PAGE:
Teaching dynasties - Northern lights

22nd August 2008 at 01:00
The Keogh family have come into teaching from many directions, but they all love it, says Stephen Manning


My two older brothers and I followed our dad into teaching, though it wasn't a foregone conclusion when we were younger. But teaching has always been the family business. Our aunt is a teacher, as are three cousins on our mum's side. And my wife Julie teaches at school with me.

My dad was a headteacher at a secondary modern. We all love the film Goodbye, Mr Chips and in a way identify with the teacher who stays put in one school for a long time and watches children develop, rather than moving around a lot. I've been at my school for 20 years.

Dad felt that school was a haven for many children - their lives outside could be chaotic, so it was crucial that they enjoy it. My brother Pete, the first of us to follow suit, carried this on. I spent a day watching him teach English at his first school, The Blue Coat School in Oldham, while I was at university, and it inspired me to take it up myself. He would get one class to compose raps, then read The Waste Land by T.S. Eliot with his sixth form, then take a drama lesson where the pupils would lay on the floor being plants. They loved it.

I got an MBE for services to education in 2004 and took my dad with me to Buckingham Palace when I was presented with it by the Queen. I'm glad he was there. Before he was a teacher he was a guardsman at Windsor Castle. He was so inspiring and hard-working, and I felt he should have received the award instead of me.

Paul Keogh, 44, is head of languages and an Advanced Skills Teacher at King James's School in Knaresborough, North Yorkshire. He was named secondary teacher of the year in 2003's Teaching Awards and was awarded the MBE for services to education in 2004


When I left school I went to work in a bank. I suppose it was my way of trying to be my own man. As well as my dad and brother, a lot of the friends I played cricket with were teachers, so I was surrounded.

My first school in Bolton, when I was 27, was very poor, like the school in the film Kes, which is a great influence on all of us. The Colin Welland character, the teacher who cares about his pupils' interests - that's a model of how I like to be at school, to this day.

I think a teacher has to be a "people person" and that's something we all have.

My dad was an old-fashioned head who walked the corridors and knew every child by name. I don't think modern heads do that as much, they're more office-based, so I don't think I'd want to be a head now.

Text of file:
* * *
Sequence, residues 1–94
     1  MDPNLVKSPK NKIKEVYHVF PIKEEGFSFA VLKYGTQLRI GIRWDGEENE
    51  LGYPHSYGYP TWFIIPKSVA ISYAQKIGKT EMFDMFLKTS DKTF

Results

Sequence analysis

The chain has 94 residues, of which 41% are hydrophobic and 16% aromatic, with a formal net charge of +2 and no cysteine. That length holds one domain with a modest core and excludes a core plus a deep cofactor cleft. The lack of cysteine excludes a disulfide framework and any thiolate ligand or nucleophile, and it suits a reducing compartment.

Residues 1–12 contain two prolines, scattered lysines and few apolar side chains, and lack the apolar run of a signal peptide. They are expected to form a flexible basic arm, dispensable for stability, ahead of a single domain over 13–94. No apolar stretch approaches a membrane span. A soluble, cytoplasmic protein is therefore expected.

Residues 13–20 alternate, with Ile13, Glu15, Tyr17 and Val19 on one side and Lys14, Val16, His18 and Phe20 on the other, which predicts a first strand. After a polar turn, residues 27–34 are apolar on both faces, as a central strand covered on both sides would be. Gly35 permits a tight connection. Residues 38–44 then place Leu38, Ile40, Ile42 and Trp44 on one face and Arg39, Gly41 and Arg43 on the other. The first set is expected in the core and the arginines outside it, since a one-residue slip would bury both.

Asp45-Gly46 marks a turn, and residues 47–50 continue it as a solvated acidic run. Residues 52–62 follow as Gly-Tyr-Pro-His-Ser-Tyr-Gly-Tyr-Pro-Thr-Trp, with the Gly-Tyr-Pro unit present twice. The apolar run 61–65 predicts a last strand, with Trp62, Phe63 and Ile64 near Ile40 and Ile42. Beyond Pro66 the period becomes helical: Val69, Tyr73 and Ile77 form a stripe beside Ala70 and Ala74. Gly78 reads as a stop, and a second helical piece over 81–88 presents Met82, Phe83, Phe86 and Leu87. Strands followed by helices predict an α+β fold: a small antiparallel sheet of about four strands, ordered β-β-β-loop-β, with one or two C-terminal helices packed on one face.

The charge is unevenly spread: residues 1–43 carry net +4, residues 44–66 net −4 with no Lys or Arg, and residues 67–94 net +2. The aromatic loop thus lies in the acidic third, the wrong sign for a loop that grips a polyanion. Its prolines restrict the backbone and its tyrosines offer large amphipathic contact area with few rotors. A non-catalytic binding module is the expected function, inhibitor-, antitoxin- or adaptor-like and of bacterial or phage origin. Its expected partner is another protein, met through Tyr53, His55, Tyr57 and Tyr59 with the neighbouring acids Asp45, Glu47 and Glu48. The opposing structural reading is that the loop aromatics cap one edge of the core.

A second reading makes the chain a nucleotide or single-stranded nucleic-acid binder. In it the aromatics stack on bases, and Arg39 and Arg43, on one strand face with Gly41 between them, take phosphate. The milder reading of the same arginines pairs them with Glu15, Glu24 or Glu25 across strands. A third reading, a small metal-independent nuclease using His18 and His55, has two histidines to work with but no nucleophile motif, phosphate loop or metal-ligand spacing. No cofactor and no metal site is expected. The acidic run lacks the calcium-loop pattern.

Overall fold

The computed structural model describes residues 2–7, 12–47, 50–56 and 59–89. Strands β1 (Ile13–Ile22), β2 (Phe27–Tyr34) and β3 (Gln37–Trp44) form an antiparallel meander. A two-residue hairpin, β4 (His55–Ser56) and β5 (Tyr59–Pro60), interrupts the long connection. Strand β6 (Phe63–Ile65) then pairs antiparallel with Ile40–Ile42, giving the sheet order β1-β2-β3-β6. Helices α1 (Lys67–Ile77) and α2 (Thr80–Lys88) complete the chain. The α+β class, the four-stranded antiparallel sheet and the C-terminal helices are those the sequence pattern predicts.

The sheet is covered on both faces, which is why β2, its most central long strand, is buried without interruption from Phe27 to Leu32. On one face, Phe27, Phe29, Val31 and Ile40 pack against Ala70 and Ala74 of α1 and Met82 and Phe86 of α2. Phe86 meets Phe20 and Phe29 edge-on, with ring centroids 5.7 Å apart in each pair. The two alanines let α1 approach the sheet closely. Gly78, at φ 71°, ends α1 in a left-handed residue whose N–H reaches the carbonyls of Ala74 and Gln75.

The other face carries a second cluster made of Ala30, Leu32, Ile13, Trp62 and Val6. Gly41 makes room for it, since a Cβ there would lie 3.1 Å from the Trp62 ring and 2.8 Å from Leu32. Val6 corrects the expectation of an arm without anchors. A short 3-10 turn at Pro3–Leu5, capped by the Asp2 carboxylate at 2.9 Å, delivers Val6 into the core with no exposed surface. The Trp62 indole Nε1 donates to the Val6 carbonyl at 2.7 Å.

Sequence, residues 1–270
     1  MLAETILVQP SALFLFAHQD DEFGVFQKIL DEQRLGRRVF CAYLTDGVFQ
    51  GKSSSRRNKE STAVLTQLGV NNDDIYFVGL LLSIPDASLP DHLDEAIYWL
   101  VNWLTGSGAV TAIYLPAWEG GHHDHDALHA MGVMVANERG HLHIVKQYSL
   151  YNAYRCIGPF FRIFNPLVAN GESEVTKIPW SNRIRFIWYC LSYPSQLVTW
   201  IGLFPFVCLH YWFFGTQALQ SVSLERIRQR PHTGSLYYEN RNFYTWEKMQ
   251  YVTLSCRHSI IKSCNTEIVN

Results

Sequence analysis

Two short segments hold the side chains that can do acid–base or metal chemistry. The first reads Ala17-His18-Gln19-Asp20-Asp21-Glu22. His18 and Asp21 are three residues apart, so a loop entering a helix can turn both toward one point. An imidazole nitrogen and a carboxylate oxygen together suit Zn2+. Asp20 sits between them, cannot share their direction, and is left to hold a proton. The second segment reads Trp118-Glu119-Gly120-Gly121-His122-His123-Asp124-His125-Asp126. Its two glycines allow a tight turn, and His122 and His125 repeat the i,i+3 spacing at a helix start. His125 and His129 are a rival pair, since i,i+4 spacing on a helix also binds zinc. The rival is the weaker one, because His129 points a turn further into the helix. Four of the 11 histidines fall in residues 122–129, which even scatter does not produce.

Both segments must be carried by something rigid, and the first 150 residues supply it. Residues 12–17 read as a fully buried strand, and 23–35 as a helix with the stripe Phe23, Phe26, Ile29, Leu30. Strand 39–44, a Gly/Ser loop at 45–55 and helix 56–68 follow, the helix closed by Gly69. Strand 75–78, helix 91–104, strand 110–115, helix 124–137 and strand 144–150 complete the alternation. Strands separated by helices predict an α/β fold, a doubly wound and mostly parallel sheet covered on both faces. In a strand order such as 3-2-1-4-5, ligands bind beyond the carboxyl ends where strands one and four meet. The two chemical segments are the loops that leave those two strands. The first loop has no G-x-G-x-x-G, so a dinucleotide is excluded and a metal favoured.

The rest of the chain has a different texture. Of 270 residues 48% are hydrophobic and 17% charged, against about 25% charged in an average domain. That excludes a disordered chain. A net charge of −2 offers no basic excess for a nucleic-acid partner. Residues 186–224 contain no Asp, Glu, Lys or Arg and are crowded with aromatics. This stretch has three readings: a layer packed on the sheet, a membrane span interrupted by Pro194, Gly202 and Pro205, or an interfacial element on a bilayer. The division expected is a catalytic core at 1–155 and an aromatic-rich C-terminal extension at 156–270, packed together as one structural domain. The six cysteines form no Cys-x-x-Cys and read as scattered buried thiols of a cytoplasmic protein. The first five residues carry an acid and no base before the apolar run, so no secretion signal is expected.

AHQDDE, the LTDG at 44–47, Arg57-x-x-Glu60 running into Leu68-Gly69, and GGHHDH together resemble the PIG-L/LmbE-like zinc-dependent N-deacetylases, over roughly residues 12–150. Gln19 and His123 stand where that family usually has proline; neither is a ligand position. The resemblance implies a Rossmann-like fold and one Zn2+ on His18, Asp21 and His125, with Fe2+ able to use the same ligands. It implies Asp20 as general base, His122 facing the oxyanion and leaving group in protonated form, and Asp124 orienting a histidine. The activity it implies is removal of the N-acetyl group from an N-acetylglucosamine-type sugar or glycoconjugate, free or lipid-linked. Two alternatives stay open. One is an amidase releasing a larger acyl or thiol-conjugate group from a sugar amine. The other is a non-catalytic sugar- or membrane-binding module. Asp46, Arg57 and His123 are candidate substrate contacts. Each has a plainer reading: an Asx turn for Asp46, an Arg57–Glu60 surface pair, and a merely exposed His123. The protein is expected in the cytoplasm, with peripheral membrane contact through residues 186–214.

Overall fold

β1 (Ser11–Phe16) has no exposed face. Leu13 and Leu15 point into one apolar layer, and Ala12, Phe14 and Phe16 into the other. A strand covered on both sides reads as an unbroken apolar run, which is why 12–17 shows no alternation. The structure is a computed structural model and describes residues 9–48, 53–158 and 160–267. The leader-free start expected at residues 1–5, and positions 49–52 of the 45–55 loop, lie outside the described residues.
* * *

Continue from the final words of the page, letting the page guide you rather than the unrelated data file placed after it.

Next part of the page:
Tim Keogh, 49, is head of languages at St Damian's Roman Catholic Science College in Ashton-under-Lyne, Lancashire


I always loved reading, writing and anything to do with language, but I hated school. It seemed too restrictive and routine. I was adamant I would go against the family trade, as it were, but I got interested when I found out more about it from a friend.

I enjoyed talking to the pupils when I was on my teacher training - it wasn't like work at all. To me, that's what education is - having a conversation, trying to work things out and coming to conclusions about the world.

I was pleased that my brothers followed me into teaching - we had something in common that we all enjoyed. We have different takes on teaching: my PhD was a critique of changes in education since the early Nineties, arguing that marketisation, the creation of winners and losers, is to education's detriment and counter to the values we grew up with. So mine's a more politicised view, critical though not cynical. Tim's perhaps more down-to-earth, while Paul has a more optimistic view, he is keen to celebrate the good things in education, so in that sense he's the one who most takes after our dad.

Pete Keogh, 48, teaches English at King Edward VI sixth form college in Nuneaton


Obviously it's tempting to want to advise them and pass on your experience, but I think it's better that they have learnt for themselves and made their own way. They might ask for the odd bit of advice, such as how to deal with staff. What I've always said is important is to be happy and normal with children. A lot of teachers start by shouting, and I think that's not the way

Tom Keogh, 78, was headteacher at Our Lady's Roman Catholic High School in Oldham, before retiring in 1992. His teaching career spanned more than 38 years.

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